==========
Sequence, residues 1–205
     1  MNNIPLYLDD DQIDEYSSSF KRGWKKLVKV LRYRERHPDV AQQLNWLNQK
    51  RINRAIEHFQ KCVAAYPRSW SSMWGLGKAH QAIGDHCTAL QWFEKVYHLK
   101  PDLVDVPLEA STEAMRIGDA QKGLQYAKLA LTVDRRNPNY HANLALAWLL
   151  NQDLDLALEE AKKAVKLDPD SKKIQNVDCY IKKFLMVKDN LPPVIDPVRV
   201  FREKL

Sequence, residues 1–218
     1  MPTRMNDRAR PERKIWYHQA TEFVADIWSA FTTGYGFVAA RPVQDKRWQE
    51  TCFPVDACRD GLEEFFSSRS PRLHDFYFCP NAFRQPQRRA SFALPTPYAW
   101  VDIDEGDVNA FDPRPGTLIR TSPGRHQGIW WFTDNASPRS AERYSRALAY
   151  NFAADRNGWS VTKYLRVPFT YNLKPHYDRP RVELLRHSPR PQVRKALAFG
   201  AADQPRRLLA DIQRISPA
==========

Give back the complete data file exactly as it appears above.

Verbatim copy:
Sequence, residues 1–205
     1  MNNIPLYLDD DQIDEYSSSF KRGWKKLVKV LRYRERHPDV AQQLNWLNQK
    51  RINRAIEHFQ KCVAAYPRSW SSMWGLGKAH QAIGDHCTAL QWFEKVYHLK
   101  PDLVDVPLEA STEAMRIGDA QKGLQYAKLA LTVDRRNPNY HANLALAWLL
   151  NQDLDLALEE AKKAVKLDPD SKKIQNVDCY IKKFLMVKDN LPPVIDPVRV
   201  FREKL

Sequence, residues 1–218
     1  MPTRMNDRAR PERKIWYHQA TEFVADIWSA FTTGYGFVAA RPVQDKRWQE
    51  TCFPVDACRD GLEEFFSSRS PRLHDFYFCP NAFRQPQRRA SFALPTPYAW
   101  VDIDEGDVNA FDPRPGTLIR TSPGRHQGIW WFTDNASPRS AERYSRALAY
   151  NFAADRNGWS VTKYLRVPFT YNLKPHYDRP RVELLRHSPR PQVRKALAFG
   201  AADQPRRLLA DIQRISPA